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Publication numberUS6998698 B2
Publication typeGrant
Application numberUS 10/606,408
Publication dateFeb 14, 2006
Filing dateJun 25, 2003
Priority dateJun 25, 2002
Fee statusPaid
Also published asCN1295789C, CN1482682A, DE60306039D1, DE60324614D1, EP1376598A1, EP1376598B1, EP1701356A1, EP1701356B1, US20040036109
Publication number10606408, 606408, US 6998698 B2, US 6998698B2, US-B2-6998698, US6998698 B2, US6998698B2
InventorsKoji Inoue, Koji Hamaguchi
Original AssigneeSharp Kabushiki Kaisha
Export CitationBiBTeX, EndNote, RefMan
External Links: USPTO, USPTO Assignment, Espacenet
Memory cell with a perovskite structure varistor
US 6998698 B2
Abstract
The present invention provides a memory cell having a variable resistor as a memory element, and also provides a memory device comprising the memory cells. The variable resistor is made of a thin-film material (for example, PCMO) or the like having a perovskite structure. So the memory cell can operate at a low voltage and can be highly integrated. The memory cell MC is formed of a combination of a current controlling device and a variable resistor. A field-effect transistor, diode or bipolar transistor is used as the current controlling device. The current controlling device is connected in series with the current path of the variable resistor so as to control a current flowing through the variable resistor.
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Claims(19)
1. A memory cell comprising:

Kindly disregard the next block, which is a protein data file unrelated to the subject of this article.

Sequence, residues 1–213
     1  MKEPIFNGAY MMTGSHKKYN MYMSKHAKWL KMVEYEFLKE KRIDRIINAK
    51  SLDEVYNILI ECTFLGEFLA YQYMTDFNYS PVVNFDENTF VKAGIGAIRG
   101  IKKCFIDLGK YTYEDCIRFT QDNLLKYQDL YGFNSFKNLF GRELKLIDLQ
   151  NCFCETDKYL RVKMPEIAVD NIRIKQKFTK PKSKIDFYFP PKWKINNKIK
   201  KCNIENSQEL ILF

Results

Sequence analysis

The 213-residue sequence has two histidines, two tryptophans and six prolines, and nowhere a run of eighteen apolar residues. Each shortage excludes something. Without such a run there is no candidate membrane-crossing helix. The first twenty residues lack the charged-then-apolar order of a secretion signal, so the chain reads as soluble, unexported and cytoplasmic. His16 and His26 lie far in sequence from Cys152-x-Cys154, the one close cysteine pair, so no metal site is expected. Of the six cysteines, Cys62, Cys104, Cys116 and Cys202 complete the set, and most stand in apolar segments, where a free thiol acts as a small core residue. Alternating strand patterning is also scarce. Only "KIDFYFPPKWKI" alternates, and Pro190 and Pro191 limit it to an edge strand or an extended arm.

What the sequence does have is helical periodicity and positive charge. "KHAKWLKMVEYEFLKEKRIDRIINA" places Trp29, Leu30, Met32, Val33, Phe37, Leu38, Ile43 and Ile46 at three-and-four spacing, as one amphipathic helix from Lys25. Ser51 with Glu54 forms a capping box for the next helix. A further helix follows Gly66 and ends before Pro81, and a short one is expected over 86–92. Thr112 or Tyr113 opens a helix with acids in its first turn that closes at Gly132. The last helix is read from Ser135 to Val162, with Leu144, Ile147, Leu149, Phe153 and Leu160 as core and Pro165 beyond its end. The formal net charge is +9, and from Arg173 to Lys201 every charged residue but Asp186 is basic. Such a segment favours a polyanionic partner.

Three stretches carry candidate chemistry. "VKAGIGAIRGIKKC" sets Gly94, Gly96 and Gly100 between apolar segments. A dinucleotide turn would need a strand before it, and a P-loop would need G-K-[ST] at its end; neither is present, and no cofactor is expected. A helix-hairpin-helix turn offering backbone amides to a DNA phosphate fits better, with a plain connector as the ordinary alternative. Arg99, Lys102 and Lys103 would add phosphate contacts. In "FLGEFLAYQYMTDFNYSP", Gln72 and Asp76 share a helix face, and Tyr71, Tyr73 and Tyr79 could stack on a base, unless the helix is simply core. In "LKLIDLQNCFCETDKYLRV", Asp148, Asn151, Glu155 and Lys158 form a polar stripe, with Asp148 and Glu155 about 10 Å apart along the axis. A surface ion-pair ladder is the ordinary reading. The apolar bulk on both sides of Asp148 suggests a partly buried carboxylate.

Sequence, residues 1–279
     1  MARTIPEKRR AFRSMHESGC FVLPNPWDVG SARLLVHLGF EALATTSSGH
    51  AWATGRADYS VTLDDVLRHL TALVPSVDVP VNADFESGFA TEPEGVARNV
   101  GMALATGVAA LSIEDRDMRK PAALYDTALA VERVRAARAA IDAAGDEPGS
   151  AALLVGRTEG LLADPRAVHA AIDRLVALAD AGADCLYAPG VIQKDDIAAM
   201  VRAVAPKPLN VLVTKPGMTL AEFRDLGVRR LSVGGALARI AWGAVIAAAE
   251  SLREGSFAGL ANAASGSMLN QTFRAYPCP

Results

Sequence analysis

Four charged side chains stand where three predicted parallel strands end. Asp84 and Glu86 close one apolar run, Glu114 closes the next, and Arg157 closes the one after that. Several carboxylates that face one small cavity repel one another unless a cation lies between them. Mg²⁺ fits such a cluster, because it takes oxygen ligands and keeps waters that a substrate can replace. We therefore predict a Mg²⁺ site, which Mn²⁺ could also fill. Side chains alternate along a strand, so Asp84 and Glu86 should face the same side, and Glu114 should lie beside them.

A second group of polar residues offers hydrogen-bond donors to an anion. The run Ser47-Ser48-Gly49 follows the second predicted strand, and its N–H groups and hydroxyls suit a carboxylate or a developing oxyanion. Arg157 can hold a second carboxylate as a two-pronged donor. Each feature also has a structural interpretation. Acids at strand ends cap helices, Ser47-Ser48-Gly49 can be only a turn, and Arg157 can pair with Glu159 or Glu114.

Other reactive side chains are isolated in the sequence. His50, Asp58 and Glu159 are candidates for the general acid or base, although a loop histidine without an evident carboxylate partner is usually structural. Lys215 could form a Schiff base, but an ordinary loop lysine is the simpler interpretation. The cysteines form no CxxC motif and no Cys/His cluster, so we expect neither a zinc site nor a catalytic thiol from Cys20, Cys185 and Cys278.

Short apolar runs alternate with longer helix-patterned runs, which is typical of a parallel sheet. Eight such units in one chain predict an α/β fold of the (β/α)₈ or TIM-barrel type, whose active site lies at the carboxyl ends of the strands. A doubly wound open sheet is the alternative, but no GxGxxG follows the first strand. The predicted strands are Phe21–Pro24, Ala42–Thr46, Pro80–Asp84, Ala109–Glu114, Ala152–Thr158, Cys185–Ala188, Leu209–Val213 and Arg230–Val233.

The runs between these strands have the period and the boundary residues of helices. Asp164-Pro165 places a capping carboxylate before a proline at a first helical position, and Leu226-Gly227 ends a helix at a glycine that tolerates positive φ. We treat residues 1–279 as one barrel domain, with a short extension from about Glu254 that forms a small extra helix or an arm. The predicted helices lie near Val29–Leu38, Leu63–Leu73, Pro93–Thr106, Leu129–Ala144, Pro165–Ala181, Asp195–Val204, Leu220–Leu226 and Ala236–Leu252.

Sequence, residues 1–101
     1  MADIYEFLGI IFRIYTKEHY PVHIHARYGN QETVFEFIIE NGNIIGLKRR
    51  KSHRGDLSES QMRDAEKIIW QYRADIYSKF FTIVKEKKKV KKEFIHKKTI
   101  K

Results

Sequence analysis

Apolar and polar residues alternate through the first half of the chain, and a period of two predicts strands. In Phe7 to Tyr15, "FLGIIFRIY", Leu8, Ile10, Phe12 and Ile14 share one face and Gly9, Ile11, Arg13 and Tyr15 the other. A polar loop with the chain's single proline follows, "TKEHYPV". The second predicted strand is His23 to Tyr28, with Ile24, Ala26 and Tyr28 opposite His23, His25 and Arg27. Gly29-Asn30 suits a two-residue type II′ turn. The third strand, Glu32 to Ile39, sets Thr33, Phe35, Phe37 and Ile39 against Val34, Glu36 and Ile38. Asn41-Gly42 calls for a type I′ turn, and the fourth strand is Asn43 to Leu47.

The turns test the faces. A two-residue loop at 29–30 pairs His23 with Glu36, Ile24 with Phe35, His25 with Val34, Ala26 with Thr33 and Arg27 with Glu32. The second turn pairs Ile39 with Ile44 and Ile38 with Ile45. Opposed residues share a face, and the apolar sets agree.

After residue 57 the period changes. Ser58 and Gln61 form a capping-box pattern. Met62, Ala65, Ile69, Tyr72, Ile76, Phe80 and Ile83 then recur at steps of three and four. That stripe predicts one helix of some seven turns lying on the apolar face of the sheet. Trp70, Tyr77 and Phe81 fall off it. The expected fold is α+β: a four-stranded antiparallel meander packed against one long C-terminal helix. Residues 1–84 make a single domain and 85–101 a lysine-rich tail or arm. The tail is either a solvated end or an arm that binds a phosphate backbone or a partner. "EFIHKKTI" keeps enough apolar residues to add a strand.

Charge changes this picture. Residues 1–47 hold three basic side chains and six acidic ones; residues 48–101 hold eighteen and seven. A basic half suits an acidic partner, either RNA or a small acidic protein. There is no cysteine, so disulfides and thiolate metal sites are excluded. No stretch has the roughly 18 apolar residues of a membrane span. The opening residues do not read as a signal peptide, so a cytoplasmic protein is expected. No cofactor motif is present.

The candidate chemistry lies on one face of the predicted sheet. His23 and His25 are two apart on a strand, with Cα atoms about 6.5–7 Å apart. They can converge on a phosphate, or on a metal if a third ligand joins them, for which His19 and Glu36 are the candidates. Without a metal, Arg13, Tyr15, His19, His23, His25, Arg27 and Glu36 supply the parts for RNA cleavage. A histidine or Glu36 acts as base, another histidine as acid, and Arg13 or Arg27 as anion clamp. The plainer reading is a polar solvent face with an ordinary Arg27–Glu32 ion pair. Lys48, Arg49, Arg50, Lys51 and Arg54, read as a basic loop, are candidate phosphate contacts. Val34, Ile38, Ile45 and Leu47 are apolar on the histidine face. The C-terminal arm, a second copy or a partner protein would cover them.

a variable resistor; and
a current controlling device for controlling a current flowing through said variable resistor,
wherein said current controlling device is controlled by a bit line, a word line, and a source drive line,
wherein said bit line is connected to a column address signal unit of a column decoder, said column address signal unit comprises
said word line connected to a row decoder for selecting said word line,
said bit line connected to said column decoder for selecting said bit line,
and a readout circuit connected to said column decoder to read memory data from said memory cell.
2. A memory cell in accordance with claim 1, wherein said current controlling device is a field-effect transistor.
3. A memory cell in accordance with claim 1, wherein said current controlling device is a diode.
4. A memory cell in accordance with claim 1, wherein said current controlling device is a bipolar transistor.
5. A memory cell in accordance with claim 2, wherein said variable resistor has a resistance body of a perovskite structure.
6. A memory cell in accordance with claim 3, wherein said variable resistor has a resistance body of a perovskite structure.
7. A memory cell in accordance with claim 4, wherein said variable resistor has a resistance body of a perovskite structure.
8. A memory device formed of a plurality of memory cells arranged in a matrix, comprising:
said memory cells, each comprising a variable resistor and a field-effect transistor for controlling a current flowing through said variable resistor;
word lines for connecting the gates of said field-effect transistors in common in the row direction of said matrix;
source drive lines for connecting the sources of said field-effect transistors in common in said row direction; and
bit lines for connecting one terminal of each of said variable resistors in common in the column direction of said matrix, wherein
the drains of said field-effect transistors are connected to the other terminals of said variable resistors.
9. A memory device in accordance with claim 8, wherein said word lines are connected to a row decoder for selecting said word lines,
said bit lines are connected to a column decoder for selecting said bit lines, and